Of course I have to disagree with this one. Not because I don’t think it’s true but because I have long hair 🙂

“I urgently recommend a great deal of attention to the posterior deltoid, as well as the external fibers. If too much effort is given to the anterior deltoid, it will have a tendency to make one appear somewhat round-shouldered…The best way to develop these muscles is to raise the arms forward, sideways, and backwards, to the height of the shoulder, all the while working against a resistance.”

This is important not only for the size and shape of muscles but for performance as well. With myself and other athletes I notice many do have a lack of anterior delts because they’re not often worked with many whole body exercises and sometimes need the specific work, like described here.

Measuring Muscles

There is a lot in this book about the taking of measurements. If you’re looking for that kind of information I’d highly recommend this book for that purpose. A couple points worth mentioning:

“The fact that 90 percent of the measurements given out by famous strong men are grossly exaggerated.”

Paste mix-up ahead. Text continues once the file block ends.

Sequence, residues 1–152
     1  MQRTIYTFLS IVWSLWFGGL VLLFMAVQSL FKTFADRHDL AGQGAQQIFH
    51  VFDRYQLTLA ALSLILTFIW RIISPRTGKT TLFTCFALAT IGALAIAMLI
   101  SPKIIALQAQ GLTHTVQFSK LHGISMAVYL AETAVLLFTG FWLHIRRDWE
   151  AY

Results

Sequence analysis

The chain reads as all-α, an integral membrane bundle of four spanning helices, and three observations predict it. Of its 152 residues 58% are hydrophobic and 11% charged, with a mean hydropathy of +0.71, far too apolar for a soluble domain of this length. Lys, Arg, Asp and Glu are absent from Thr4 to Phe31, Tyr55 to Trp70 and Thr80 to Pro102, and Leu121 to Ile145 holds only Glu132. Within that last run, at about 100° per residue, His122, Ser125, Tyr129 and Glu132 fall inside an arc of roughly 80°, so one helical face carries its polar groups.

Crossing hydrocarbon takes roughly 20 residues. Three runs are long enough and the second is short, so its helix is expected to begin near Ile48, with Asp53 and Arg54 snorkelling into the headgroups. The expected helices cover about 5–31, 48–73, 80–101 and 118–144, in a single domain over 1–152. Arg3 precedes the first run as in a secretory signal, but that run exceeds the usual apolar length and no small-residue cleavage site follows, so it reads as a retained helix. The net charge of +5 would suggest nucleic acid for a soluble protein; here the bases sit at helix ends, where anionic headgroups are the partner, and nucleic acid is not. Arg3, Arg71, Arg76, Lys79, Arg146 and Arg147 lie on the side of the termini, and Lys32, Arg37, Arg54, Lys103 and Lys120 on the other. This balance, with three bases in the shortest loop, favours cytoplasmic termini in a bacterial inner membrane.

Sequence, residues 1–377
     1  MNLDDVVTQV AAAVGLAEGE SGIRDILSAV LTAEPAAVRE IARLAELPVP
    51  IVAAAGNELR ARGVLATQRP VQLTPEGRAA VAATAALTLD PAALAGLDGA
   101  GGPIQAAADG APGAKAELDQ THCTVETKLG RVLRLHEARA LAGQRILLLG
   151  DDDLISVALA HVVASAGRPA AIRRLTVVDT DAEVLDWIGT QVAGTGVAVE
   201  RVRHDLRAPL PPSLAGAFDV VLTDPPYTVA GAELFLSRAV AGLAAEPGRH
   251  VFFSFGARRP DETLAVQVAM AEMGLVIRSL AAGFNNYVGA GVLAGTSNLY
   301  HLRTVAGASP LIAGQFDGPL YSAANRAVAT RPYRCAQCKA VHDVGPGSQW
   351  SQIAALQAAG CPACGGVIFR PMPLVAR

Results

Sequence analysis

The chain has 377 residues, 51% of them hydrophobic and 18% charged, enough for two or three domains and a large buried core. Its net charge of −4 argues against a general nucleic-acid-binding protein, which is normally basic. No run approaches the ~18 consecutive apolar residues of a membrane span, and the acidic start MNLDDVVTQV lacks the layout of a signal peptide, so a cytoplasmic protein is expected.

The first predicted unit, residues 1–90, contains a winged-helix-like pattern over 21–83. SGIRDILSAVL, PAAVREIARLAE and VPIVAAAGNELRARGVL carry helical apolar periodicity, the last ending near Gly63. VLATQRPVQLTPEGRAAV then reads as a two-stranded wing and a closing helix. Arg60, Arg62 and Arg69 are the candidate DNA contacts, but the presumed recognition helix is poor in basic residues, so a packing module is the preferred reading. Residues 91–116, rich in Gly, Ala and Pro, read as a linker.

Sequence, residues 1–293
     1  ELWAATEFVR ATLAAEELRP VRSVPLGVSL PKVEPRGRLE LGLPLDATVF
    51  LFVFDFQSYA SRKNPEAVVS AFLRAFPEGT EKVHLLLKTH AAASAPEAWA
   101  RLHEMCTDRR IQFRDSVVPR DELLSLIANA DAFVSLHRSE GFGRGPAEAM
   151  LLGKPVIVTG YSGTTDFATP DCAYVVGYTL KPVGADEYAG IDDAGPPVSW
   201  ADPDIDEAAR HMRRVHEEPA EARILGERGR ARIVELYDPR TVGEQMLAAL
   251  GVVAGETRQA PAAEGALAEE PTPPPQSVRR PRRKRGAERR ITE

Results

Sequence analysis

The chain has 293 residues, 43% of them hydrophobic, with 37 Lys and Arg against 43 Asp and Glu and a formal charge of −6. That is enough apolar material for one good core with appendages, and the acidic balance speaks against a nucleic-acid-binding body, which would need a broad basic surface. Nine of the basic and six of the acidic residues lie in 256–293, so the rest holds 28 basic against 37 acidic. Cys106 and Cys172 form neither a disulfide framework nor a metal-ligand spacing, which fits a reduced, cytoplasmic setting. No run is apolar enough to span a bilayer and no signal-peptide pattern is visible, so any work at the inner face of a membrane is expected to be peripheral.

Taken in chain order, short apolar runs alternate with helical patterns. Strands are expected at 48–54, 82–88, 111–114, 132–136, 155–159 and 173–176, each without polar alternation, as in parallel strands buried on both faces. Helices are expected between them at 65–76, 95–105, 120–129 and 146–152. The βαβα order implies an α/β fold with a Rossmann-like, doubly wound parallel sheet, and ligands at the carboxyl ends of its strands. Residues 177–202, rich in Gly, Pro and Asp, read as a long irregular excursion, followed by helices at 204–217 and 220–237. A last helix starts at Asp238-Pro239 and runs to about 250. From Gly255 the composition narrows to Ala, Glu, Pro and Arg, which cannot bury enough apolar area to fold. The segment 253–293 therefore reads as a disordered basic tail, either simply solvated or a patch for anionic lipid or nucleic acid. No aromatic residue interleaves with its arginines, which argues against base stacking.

True in Liederman’s time and probably even more true today. Instead here is the proper way to get your own measurements.

“If you have the tape fitting snugly, with about two or three pounds pressure, you will obtain your actual measurements.”

Leg Training

“You cannot develop the legs without developing the lungs at the same time.”

In most cases this is true. The only area I’d say it’s not really is with very low reps of high weight squats or similar exercises. But you start increasing those reps and you’ll find they’re great for conditioning too.

Another example that proves this even more is hill sprints.

“Undoubtedly the finest exercise to strengthen the hips is to walk while carrying heavy objects, especially while climbing stairs.”

A great exercise that probably isn’t used as much as it should be.

On Muscle Building

“It is this constant swelling up of the muscles that increases their size…All he need do is to exercise these muscles sufficiently every day to swell them to their limit. If the arm swells up 1/2 inch after exercising, it does not stay that way the rest of the day, but diminishes at least 15/32 of an inch, retaining 1/32 of an increase.”

While simplistic, this description has a lot of truth to it. Training the way Liederman outlines in this book you’ll get what is commonly called “the pump”. That is when the blood engorges the muscles. This makes them feel tight and full, as they are increased in size. With the blood there, and it bringing int nutrients to repair, you’re likely to find some of the size stays. Again, this is simplistic, but an easy way to look at muscle building.